Table 1. Resistant strains of typhoid and their sensitivity Diameter of zone of inhibition (mm) Ampicillin 30* 27 (R) R 25 (R) R 22 (R) 20 (R) R R 20 (R) Ceftazidime 18* 24 20 24 26 26 24 R R 22 Ceftriaxon 21* 24 24 30 24 24 26 12 (R) R 26 Chloramphenicol 18* 30 R R R 26 24 R 24 26 Cipro- Nalidixic floxacin acid 21* 19* 20 (R) 26 30 28 28 26 20 (R) R 18 (R) R 22 22 24 22 22 R R R Netylmycin 15* 24 22 20 22 20 20 12 (R) 10 (R) 20 Pefloxacin 16* 20 24 30 26 20 28 18 R 14(R) Piperacillin 18* 22 13 (R) 25 R 22 22 R R 22 Tetracyclin 19* 10 (R) R R R R 10 (R) R 10 (R) 15 (R)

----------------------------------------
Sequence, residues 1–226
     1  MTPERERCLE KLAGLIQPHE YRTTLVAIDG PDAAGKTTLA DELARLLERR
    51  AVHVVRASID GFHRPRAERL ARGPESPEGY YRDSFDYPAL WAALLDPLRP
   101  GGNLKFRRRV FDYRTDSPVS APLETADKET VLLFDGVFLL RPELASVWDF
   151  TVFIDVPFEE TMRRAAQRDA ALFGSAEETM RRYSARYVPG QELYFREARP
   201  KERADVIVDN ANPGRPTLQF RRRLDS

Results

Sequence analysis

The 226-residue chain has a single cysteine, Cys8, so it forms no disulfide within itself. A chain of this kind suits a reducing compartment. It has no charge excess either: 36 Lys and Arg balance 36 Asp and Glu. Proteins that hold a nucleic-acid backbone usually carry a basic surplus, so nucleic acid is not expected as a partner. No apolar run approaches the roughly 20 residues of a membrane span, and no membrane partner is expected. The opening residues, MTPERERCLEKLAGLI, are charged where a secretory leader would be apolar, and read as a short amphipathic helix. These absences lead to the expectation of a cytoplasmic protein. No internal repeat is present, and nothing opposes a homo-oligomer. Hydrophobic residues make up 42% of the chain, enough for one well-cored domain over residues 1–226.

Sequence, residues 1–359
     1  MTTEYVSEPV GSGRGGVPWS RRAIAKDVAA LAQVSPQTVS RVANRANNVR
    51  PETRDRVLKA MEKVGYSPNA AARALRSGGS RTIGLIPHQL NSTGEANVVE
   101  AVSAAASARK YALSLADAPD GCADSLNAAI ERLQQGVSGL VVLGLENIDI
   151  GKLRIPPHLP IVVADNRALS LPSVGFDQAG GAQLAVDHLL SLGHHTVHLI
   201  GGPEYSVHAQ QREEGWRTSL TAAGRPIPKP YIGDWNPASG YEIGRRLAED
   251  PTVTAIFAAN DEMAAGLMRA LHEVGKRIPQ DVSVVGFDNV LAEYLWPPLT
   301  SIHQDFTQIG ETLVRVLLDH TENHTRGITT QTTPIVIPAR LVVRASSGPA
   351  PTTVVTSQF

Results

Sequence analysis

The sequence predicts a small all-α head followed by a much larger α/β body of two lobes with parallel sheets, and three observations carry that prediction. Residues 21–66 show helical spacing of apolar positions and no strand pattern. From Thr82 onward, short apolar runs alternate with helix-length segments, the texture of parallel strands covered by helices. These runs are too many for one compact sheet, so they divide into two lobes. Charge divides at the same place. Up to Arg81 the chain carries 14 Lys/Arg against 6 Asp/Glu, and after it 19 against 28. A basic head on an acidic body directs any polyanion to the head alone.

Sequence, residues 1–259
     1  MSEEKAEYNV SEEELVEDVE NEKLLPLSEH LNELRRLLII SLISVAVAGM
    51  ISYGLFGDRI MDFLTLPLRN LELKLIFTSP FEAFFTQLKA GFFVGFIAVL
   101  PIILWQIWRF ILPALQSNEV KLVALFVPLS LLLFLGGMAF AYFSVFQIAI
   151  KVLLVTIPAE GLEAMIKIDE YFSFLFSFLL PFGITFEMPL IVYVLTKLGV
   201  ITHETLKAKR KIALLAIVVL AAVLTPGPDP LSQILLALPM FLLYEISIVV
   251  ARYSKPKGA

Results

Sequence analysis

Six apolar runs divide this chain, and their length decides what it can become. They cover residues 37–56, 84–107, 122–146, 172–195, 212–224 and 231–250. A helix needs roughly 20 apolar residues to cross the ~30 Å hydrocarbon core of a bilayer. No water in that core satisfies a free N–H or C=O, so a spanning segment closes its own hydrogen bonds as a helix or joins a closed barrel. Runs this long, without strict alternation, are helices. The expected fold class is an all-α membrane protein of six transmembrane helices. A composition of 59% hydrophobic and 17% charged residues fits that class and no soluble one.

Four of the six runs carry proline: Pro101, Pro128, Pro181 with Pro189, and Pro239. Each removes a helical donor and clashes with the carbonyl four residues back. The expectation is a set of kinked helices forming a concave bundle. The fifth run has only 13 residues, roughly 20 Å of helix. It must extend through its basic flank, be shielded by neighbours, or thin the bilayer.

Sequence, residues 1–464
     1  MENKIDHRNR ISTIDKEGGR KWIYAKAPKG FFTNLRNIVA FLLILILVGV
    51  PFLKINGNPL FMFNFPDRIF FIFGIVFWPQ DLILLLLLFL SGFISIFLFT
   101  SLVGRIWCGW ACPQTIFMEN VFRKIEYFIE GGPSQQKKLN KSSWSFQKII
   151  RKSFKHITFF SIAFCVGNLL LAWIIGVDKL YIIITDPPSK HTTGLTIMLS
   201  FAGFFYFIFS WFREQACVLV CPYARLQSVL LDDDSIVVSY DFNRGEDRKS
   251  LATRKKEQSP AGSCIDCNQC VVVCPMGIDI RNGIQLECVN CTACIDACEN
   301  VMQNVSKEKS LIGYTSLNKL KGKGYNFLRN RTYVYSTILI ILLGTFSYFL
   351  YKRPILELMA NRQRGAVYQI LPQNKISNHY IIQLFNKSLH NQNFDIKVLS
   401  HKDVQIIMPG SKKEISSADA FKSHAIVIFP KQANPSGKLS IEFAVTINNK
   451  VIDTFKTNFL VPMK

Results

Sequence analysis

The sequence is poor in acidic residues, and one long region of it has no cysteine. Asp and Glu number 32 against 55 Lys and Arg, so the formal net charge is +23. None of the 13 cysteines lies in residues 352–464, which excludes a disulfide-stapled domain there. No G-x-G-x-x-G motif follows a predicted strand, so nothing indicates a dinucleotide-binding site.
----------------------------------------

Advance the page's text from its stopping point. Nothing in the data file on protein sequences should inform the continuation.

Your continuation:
Organism S. enterica
Resistant strain 1 2 3 4 1 2 3 4 1
Bactrim 16* 30 R 34 R 28 30 22 R 34
S. enterica var. Paratyphi-B
S. enterica var. Paratyphi-A-1
*Minimum zone of sensitivity (mm); R, Resistant.
CURRENT SCIENCE, VOL. 87, NO. 9, 10 NOVEMBER 2004